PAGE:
A robot door opener, an interactive recipe book and an automatic school register were just some of the imaginative ideas submitted in a great gadget competition.
The mini i-Teams What would you use that for? Contest was run at the Institute for Manufacturing as part of the Cambridge Science Festival.
Entrants were asked to submit ideas for alternative uses for cool gizmos developed by a number of hi-tech Cambridge companies.
Putting their tech to the test were Light Blue Optics – makers of an interactive projector which turns any surface into a virtual touchscreen; Sureflap an automatic catflap which uses cat microchip ID tags; Audio Analytics makers of sound detection software, Cambridge Temperature Concepts temperature monitor logger.
Also taking part in the event were ARM who showcased their mbed processor and robots and a display by computer researchers at the University of Cambridge who demonstrated their ‘emotional robots’.
Competition organiser Amy Mokady explained: “We wanted to give youngsters a flavour of what i-Teams do, which is take new science and technology and try to help commercialise it.
“So we thought let’s get some great Cambridge companies and see if the kids can come up with some novel ways of using their devices. We had some brilliant entries.
“Suggestions for the interactive projector included using it as a piano you could fit in your pocket, the technology behind the catflap could have been used to keep little brothers and sisters out of bedrooms!
“The ideas were wonderfully creative and all the companies really enhjoyed reading through them”
Amy said it was a tough choice but the winning entries were as follows:
– Hannah Whitehouse, 13. She suggested the projector could be used for a recipe book, users would be able to see their favourite recipes without having to wash your hands or get your computer messy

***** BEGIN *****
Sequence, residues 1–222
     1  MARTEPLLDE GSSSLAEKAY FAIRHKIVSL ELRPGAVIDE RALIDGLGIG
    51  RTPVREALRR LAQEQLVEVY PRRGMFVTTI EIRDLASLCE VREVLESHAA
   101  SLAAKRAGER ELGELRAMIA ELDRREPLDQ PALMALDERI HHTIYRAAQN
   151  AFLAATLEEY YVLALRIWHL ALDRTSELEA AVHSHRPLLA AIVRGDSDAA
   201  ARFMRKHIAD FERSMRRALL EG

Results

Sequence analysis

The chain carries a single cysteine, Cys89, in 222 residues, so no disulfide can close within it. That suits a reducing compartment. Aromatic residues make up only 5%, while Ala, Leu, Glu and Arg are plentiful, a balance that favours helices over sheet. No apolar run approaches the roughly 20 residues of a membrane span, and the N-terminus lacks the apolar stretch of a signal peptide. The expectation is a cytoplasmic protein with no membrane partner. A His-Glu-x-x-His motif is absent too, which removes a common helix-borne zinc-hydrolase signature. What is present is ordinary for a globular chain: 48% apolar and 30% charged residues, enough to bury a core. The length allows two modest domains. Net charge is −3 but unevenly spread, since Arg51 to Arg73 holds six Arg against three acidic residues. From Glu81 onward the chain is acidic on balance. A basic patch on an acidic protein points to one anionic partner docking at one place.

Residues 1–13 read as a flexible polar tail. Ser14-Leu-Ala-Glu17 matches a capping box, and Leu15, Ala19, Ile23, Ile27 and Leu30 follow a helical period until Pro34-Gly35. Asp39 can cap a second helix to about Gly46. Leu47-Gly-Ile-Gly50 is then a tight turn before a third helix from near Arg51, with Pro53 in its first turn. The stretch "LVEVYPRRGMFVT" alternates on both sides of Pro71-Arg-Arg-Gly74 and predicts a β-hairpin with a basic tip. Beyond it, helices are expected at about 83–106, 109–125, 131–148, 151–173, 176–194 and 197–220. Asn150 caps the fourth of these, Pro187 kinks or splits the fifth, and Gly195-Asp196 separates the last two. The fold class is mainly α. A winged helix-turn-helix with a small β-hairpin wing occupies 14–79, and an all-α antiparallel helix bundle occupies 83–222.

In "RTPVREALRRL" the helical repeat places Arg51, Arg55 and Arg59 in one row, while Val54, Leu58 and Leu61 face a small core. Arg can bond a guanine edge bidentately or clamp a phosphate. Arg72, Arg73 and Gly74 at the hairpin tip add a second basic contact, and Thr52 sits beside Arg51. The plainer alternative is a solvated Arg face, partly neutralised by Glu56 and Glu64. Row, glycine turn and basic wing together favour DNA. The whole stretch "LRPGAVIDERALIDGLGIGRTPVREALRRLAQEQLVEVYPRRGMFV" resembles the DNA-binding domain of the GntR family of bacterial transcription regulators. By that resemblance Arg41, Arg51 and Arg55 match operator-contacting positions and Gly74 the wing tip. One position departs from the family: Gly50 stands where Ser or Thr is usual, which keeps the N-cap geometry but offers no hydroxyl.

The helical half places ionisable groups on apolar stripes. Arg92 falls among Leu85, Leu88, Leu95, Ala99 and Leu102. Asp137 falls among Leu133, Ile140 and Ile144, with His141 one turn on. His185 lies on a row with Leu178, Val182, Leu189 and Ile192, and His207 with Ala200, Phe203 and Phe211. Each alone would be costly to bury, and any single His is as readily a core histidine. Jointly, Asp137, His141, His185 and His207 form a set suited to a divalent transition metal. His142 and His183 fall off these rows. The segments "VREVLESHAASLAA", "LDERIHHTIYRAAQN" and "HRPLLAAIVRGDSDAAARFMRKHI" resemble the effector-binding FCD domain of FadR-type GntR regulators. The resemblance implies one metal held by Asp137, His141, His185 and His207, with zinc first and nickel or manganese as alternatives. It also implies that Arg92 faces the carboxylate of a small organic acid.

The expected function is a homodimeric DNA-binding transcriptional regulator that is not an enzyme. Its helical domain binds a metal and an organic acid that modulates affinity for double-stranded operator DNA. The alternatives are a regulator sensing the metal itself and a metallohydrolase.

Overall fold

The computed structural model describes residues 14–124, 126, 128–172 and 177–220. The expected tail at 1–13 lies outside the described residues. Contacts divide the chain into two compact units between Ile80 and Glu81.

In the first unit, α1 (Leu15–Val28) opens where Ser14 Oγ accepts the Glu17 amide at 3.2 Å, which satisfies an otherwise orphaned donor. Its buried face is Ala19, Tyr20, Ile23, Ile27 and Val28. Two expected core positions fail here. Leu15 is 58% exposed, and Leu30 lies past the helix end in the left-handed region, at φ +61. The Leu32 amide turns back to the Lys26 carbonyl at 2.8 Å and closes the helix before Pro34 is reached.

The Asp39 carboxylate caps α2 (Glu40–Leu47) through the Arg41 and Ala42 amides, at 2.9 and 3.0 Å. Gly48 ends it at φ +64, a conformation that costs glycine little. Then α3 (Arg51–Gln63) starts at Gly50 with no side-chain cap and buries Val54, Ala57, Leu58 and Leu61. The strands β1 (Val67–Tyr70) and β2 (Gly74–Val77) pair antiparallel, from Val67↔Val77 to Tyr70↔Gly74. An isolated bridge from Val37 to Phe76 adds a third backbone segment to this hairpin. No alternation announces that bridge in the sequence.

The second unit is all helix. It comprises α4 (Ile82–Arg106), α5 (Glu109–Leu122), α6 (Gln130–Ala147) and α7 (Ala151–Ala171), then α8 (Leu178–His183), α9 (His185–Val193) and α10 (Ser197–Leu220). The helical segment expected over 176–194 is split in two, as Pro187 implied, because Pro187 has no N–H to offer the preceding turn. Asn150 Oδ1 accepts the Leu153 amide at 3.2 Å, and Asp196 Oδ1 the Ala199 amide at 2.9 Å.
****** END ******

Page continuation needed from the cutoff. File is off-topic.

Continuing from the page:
– William Giddings, 10, said the catflap technology could be used to protect lunch boxes, the tag would prevent people stealing your sandwiches!
– Lucas Burr, 7, also had a suggestion for the catflap. He wanted to create a super reliable automatic school register, a tag would be inserted in a child’s shoe, automatically ticking them off when they entered the classroom.
– Jim Carrington, in the 15 and over category won for his suggestion that the sound detection software could be used as a bin lorry sound detector, waking you up to make sure you have put the bin out.
The winners will all receive a science-themed toy for their efforts and a special certificate of their award-winning idea.
Some of the other entries in the competition will be available at the IfM website
Notes for Editors
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Institute for Manufacturing
Or University of Cambridge
Office of Communications
The Institute for Manufacturing (www.ifm.eng.cam.ac.uk)
The University of Cambridge’s Institute for Manufacturing (IfM), is a division of the Department of Engineering. The IfM brings together expertise in management, economics and technology to address the full spectrum of industrial issues. Its activities integrate research and education with practical application in companies, providing a unique environment for the creation of new ideas and approaches to modern industrial practice. The IfM works closely with industry, at a regional, national and international level, providing strategic, technical and operational expertise to help companies to grow and to become more competitive.
Running since 2006, i-Teams allows entrepreneurial post-graduate students to work with real inventions to determine the best route for their commercialization.
Each i-Team consists of up to 7 students from different disciplines and experience, who work with a nominated research project selected from several University departments. The i-Team assesses the commercial prospects for the technology, by discussing the technology with real target customers in relevant industries.
The teams are guided by the researchers, the i-Teams Programme Director (Amy Mokady), and mentors from the local business community. Together the teams identify suitable product markets, and define directions for future technology development, helping to drive the use of lab research in real-world applications.
i-Teams sponsors include the Hauser Forum IdeaSpace (which is funded by the East of England Development Agency), the EPSRC, the CIKC (Cambridge Integrated Knowledge Centre), the Isaac Newton Trust, Taylor Vinters, Marks & Clerk, Cambridge Enterprise and CUTEC.